As of October 1, the Centers for Disease Control and Prevention (CDC) reports 1,080 lung injury cases and 18 deaths associated with vaping across the United States. These illnesses and deaths have been linked to vaping products that contain THC or nicotine. Out of 578 patients, 78% reported using THC products and 58% reported using nicotine products. There is no one product or chemical linked to the illnesses and deaths yet.
Young people are particularly at risk for vaping-related illnesses and deaths. The CDC reports that 37% of cases are under the age of 21 years old and over 80% of cases are under the age of 35 years old. Flavored vaping products are particularly appealing for adolescents and have been indicated as one of the drivers of the youth vaping epidemic.
In addition to Oregon’s temporary ban on flavored vaping products, the executive order directs OHA and OLCC to:
• Develop rules to increase provider reporting of severe lung illnesses related to vaping;
- Develop plans to provide consumer warnings and ingredient disclosure for vaping products;
- Reduce barriers to tobacco and nicotine cessation supports and services;
- Develop legislative proposal future protections to reduce vaping-related illnesses anddeaths.People who vape or smoke are urged to quit. These resources are available for free quit support:
- For tobacco/nicotine:o 1-800-QUIT-NOW (1-800-784-8669), www.quitnow.net/Oregon o Español: 1-855-DEJELO-YA (1-855-335356-92),https://www.quitnow.net/oregonsp/.
- For youth vaping/e-cigarette:
o Text “DITCHJUUL” to 88709, www.thisisquitting.com • For cannabis/THC quit support:
Oregon is one of only 10 states that does not require a license to sell tobacco, nicotine, or non- THC vaping products (the sale of THC products requires a license through OLCC). Locally, Lincoln County is proposing an ordinance to prevent youth access to tobacco and nicotine products. In 2018, over 50% of 11th graders in Lincoln County said it would be easy to access cigarette or e-cigarettes. Lincoln County has one of the highest smoking rates in the state. Ninety percent of long-term smokers start before the age of 18, according to the CDC.
A tobacco retail license in Lincoln County would make it easier to track where tobacco and nicotine sales occur, to provide education to retailers, to ensure compliance with state and federal laws, and, ultimately, prevent more youth to becoming addicted to nicotine.
If you have any questions or concerns about Lincoln County’s proposed Tobacco Retail License, please contact Aimee Snyder at email@example.com.
We are clearing blackberries to create a path to the heritage apple trees at the Yaquina Bay Lighthouse garden. Come join us and be part of saving these wonderful trees. Bring gloves, and a garden hoe or rake if you can. Refreshments provided.
Location: Garden at the Yaquina Bay Lighthouse, Newport
Date: Oct 19 Saturday
Time: 1-4 pm
Tour new hospital at North Lincoln Hospital Foundation Business After Hours event
North Lincoln Hospital Foundation, at 3010 NE 28th, Lincoln City, is hosting a Business After Hours on Friday, October 18, from 5:30 to 7pm, in conjunction with the Lincoln City Chamber of Commerce. All are welcome to attend.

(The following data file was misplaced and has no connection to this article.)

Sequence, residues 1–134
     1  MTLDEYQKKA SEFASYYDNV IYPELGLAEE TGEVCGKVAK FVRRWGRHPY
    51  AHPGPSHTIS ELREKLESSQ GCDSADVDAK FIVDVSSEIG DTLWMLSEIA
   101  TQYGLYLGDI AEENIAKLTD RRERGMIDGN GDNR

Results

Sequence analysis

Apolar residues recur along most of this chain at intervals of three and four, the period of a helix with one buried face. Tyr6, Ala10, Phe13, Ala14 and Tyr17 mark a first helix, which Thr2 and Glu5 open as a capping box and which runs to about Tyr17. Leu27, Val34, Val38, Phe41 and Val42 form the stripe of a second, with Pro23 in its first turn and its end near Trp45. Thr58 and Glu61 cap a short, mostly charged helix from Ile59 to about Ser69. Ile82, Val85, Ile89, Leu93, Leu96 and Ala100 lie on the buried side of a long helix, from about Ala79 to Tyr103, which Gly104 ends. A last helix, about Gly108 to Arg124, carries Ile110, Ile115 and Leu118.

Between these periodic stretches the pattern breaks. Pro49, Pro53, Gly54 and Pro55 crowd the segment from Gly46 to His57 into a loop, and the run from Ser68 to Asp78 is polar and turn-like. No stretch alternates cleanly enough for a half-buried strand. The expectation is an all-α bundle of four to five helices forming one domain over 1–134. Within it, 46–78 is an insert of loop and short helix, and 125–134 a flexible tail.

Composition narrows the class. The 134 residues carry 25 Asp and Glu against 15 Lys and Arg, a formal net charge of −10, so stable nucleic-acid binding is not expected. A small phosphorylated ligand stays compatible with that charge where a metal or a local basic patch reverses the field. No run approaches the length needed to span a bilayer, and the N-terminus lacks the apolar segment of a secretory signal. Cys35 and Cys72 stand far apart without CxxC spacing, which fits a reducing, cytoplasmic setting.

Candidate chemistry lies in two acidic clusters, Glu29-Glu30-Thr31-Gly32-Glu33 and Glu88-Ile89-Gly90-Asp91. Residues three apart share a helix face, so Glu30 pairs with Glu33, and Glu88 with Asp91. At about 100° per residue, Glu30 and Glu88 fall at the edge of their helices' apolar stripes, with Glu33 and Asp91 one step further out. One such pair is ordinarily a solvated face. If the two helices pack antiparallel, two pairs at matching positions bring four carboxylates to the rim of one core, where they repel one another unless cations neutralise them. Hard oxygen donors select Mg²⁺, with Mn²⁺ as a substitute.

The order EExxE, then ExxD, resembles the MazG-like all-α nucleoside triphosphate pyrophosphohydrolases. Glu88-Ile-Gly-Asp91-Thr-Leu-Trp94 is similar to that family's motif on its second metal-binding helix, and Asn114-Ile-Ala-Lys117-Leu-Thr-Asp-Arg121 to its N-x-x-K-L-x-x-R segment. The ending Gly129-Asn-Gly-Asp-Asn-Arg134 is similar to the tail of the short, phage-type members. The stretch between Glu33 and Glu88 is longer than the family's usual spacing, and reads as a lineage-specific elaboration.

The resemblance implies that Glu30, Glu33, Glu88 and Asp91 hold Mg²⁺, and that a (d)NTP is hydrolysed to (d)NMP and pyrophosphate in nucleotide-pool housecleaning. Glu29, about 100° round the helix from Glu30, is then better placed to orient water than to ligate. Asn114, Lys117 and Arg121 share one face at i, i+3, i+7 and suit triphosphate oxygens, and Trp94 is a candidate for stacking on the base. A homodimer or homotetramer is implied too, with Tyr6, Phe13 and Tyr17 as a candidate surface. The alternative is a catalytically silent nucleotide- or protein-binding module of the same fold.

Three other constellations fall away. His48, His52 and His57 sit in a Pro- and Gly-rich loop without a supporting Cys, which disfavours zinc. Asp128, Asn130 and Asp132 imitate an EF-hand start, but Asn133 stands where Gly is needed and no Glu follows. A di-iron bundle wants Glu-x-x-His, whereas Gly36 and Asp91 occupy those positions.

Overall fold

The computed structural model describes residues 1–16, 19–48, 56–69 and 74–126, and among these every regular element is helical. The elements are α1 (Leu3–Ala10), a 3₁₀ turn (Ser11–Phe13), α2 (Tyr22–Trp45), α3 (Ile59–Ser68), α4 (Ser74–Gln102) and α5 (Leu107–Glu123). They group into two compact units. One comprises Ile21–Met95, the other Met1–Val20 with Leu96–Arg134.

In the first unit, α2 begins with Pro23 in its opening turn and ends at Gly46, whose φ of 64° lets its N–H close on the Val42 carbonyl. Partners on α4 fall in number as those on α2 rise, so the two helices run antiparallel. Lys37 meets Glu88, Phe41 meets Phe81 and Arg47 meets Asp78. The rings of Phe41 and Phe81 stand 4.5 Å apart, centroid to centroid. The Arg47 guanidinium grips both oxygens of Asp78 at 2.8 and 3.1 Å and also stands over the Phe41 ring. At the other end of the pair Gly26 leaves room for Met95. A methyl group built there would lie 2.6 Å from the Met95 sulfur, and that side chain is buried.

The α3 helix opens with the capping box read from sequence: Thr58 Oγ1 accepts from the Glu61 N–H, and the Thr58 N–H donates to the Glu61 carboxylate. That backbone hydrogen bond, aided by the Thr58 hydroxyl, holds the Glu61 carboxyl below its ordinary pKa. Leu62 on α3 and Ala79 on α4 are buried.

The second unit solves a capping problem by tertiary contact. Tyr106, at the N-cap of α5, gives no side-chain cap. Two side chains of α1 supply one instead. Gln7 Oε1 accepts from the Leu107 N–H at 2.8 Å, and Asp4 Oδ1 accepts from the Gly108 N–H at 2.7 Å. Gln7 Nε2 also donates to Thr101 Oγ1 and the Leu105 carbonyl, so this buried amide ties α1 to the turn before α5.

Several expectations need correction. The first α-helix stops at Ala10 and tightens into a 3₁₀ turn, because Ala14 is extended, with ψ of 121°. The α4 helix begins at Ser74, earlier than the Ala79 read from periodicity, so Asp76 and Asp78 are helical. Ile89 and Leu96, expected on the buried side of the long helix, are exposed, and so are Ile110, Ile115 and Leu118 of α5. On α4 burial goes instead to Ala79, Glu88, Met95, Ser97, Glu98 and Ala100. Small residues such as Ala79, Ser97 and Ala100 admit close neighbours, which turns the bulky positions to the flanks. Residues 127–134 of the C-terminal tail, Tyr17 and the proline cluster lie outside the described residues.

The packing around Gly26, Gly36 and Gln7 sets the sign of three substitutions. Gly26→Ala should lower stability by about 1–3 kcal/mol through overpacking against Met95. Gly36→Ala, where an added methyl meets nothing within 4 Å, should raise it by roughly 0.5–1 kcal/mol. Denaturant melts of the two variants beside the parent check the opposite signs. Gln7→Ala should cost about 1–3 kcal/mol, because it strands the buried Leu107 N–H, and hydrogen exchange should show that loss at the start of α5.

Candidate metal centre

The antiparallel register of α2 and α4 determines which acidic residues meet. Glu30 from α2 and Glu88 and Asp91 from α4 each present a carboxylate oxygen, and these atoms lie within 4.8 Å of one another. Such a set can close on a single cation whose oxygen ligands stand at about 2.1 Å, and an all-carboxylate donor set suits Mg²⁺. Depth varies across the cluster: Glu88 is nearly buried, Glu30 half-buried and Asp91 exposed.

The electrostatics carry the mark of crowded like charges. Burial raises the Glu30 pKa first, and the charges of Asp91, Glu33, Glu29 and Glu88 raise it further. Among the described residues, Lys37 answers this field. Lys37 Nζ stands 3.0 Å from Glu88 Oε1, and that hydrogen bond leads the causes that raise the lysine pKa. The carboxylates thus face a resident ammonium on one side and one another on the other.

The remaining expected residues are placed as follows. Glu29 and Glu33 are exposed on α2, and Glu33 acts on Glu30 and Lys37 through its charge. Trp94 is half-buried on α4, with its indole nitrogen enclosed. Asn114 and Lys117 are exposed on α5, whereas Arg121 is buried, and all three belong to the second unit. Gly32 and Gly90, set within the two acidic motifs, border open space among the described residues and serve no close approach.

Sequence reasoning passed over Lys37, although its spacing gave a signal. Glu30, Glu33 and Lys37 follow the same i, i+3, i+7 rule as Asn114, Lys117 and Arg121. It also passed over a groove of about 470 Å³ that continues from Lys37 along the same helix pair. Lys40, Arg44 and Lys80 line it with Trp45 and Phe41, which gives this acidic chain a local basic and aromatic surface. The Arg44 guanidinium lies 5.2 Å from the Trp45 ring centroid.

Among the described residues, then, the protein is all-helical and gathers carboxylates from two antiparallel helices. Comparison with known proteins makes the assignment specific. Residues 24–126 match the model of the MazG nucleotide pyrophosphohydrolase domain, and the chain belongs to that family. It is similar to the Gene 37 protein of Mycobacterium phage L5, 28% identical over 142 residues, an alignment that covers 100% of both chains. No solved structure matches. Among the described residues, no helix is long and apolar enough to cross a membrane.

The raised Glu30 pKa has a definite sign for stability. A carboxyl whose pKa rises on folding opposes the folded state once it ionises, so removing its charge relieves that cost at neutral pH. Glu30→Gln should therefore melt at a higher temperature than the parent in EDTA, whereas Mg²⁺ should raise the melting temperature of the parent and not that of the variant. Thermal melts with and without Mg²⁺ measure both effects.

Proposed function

Business After Hours events provide an opportunity to enjoy appetizers and beverages while socializing with others in a business setting. An additional feature of the foundation’s BAH is a tour of the new Samaritan hospital building, which is just two months away from completion.
Reservations are required for the hospital tour and space is limited. Call 541-557-6434 to reserve a spot. Those taking the tour must wear closed-toe shoes, long pants and long sleeves, and are asked to arrive by 3:45pm.
“For the past year, people have seen the new hospital building rising on the grounds right next to our existing hospital. Now, we are excited to show off the interior of this wonderful new building,” said Cathy Sandoval, foundation executive director. “The new hospital is being built in stages, so our visitors will see some areas that look nearly ready to receive patients and other areas that are in the earlier stages of construction.” Even if you are not able to take the tour, the new hospital floor plan and design features will be showcased at the BAH.
The North Lincoln Hospital Foundation is located at 3010 NE 28th St. in Lincoln City.
7:43pm – Depoe Bay Firefighters are enroute to a fire alarm going off at 6520 “A” Street in Depoe Bay.
From Lincoln County Community Rights: Rio Davidson, Lincoln County Community Rights
In May 2017, Lincoln County, Oregon, voters adopted the Freedom from Aerial Sprayed Pesticides ordinance. The first-in-the-state law recognizes residents’ rights to clean air, water, and soil, their right to local community self-governance, and the Rights of Nature to exist, flourish, and evolve.
Soon after, timber industry interests sued the county to overturn the ordinance, arguing the county had no authority to pass it and that the law “adversely affected” them.
The law stood for over two years, successfully preventing the aerial application of pesticides—a toxic but common practice of the local timber industry.
On September 23, county circuit court Judge Sheryl Bachart upheld an existing law that limits the powers of local governments to override those the state permits. The judge ruled that the pesticide ban exceeded the authority of Lincoln County because the Oregon Pesticide Control Act disallows local pesticide ordinances, rules, and regulations.